This page provides some recommendations of apps related to learning Japanese including, but more broadly than just dictionaries, although students are encouraged to search the Apple App Store and Google Play for more up-to-date pricing and options, as new apps are continuously released.
Using your smartphone or mp3 player as a dictionary has increased in popularity in recent years, and there are a number of excellent apps available. Almost all of the participants in Greave’s (2012) study made use of dictionary apps which they reported as highly portable and easy to use, and had the additional benefit of being free to download. As you can run a dictionary app concurrently with other apps on most devices, a student in Greave’s study reported that she could look up unfamiliar words she encountered while browsing Facebook for example without having to switch her attention to another device/tool. Having an app installed is particularly useful for times when you might not normally be carrying a dictionary. For example, participants in Greave’s study reported preferring smartphone apps when at work or a party, to which they would not normally bring a paper or electronic dictionary.
If you already own a smartphone/mp3 player, downloading a dictionary app to this device can be much cheaper than purchasing an electronic dictionary or paper dictionary. However, many learners in Greave’s study used a combination of different tools – for example, when translating manga, or when working on a major translation project for university, participants reported using electronic dictionaries for more “serious”, time-consuming tasks which involved looking up complex unfamiliar Japanese characters frequently. This was largely because of the kanji input pad that some students had on their electronic dictionaries.
You’ll find a list of free iPhone and Android dictionary apps here.
Games and Other Study Tools
Kana Mind (free, Android) This game was used by a beginner learner in Aiki’s (2013) study to learn the two kana scripts, hiragana and katakana. The app uses an algorithm to present you with combinations of kana and tests you more frequently on those which you need more study of, similar to the app below. (★★★★★)
Kanji Flip (paid, Apple) – Japanese character learning game. This game tests users on their kanji recognition ability by displaying a character on screen, for which the user must guess the meaning and readings. This is a self-testing game, meaning that it is used like flashcards – you as the user choose when to reveal the answer and then select whether you were right or wrong. A participant in Greave’s (2012) study reported that she liked this app specifically because it would keep track of her progress, and characters that she had guessed incorrectly in the past would be displayed more frequently. (★★★★)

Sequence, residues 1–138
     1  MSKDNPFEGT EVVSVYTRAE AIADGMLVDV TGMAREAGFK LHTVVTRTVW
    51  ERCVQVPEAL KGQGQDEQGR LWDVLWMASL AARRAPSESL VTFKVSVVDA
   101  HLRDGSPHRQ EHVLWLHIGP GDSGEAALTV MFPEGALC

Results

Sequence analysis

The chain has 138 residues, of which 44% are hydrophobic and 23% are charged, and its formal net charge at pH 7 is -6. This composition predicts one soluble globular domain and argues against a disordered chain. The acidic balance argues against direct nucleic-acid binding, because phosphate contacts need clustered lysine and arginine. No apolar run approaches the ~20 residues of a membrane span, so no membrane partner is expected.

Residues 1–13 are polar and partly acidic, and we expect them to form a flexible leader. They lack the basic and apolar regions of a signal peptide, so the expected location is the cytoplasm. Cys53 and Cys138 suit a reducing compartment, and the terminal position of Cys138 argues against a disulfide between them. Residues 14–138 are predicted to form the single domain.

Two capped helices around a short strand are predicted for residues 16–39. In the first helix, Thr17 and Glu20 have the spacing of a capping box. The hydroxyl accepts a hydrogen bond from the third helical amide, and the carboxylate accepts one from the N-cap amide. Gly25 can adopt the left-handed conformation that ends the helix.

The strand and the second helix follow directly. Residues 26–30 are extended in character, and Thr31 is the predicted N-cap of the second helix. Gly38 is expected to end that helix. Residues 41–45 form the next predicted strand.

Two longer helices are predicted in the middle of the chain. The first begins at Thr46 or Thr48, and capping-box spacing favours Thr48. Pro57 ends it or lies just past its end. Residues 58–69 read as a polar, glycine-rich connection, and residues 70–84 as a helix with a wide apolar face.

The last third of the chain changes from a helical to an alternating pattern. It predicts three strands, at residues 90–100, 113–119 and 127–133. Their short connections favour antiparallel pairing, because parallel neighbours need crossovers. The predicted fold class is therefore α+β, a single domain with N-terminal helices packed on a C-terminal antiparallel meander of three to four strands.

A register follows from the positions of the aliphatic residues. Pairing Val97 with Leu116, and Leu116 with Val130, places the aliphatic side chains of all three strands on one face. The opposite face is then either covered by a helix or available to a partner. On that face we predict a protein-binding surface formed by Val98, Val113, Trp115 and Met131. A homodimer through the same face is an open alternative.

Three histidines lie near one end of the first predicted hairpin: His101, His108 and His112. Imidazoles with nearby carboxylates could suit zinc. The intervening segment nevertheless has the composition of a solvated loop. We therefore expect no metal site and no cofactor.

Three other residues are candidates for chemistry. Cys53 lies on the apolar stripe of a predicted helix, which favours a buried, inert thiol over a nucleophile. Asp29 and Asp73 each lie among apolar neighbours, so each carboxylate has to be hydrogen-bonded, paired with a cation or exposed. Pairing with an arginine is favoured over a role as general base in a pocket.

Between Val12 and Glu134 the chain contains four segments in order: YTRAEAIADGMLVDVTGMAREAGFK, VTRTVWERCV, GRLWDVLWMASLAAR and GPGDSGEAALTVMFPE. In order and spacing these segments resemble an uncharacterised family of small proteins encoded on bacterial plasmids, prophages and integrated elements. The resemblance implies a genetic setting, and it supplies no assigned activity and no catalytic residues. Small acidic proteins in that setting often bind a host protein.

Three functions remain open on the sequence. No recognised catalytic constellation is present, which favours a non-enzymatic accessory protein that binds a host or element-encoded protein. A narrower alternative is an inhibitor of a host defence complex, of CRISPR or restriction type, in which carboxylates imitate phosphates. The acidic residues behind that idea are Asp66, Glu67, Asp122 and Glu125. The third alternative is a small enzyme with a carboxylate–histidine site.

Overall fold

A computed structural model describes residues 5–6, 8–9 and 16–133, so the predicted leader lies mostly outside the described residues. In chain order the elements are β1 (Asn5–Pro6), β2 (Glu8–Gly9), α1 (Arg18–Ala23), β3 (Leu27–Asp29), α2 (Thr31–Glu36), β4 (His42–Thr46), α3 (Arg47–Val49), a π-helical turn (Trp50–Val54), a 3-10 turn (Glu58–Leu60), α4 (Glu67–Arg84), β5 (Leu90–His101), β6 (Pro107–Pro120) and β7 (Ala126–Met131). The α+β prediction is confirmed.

Skritter (subscription, PC and Apple) – This is a highly recommended app used by participants in Aiki’s (2013) study which teaches Japanese (or Chinese) characters using calligraphy, where your finger is the brush. It is aligned with the vocabulary lists of the Genki textbook currently used at Monash. While Skritter is free to download and demo, it does require a subscription fee. Check with your teacher to see if you are eligible to use one of Monash’s licenses. (★★★★☆)
Anki (free/paid, browser and mobile) – While not technically an app, AnkiWeb allows you to use the computer version of Anki flashcards on-the-go. This is an excellent resource as it can be used on Linux, PC, Mac or mobile – basically, any computer or device with a web browser, without having to install. There is also a version available on Google Play called AnkiDroid to download (free), and on the Apple App Store called AnkiMobile (although do note that the Apple version is a paid app in contrast with the free version on Android – iPhone users may prefer to use the free AnkiWeb in Safari on their mobile device). Windows, Mac, and Linux installs are available at http://ankisrs.net/. This app, also mentioned in Aiki’s (2013) study, does not only facilitate Japanese vocabulary study, but almost any kind of study where memorisation is required – students of medicine, law, geography, literature, or music are sure to find uses for it. (★★★★☆)
(These apps were selected from Aiki’s (2013) study “Effective Kanji Learning Strategies from Students’ Perspectives” and Greave’s (2012) study “Investigation of Autonomous Use of Mobile Devices for Second Language Learning”. Ratings are from customer reviews, current as at July 2013. For more information on apps you can use to study Japanese, view the Dictionary page).
Students interviewed by Aiki (2013) and Greaves (2012) also reported using their mobile devices to download or listen to podcasts, anime, and music which they used to gain valuable exposure to Japanese.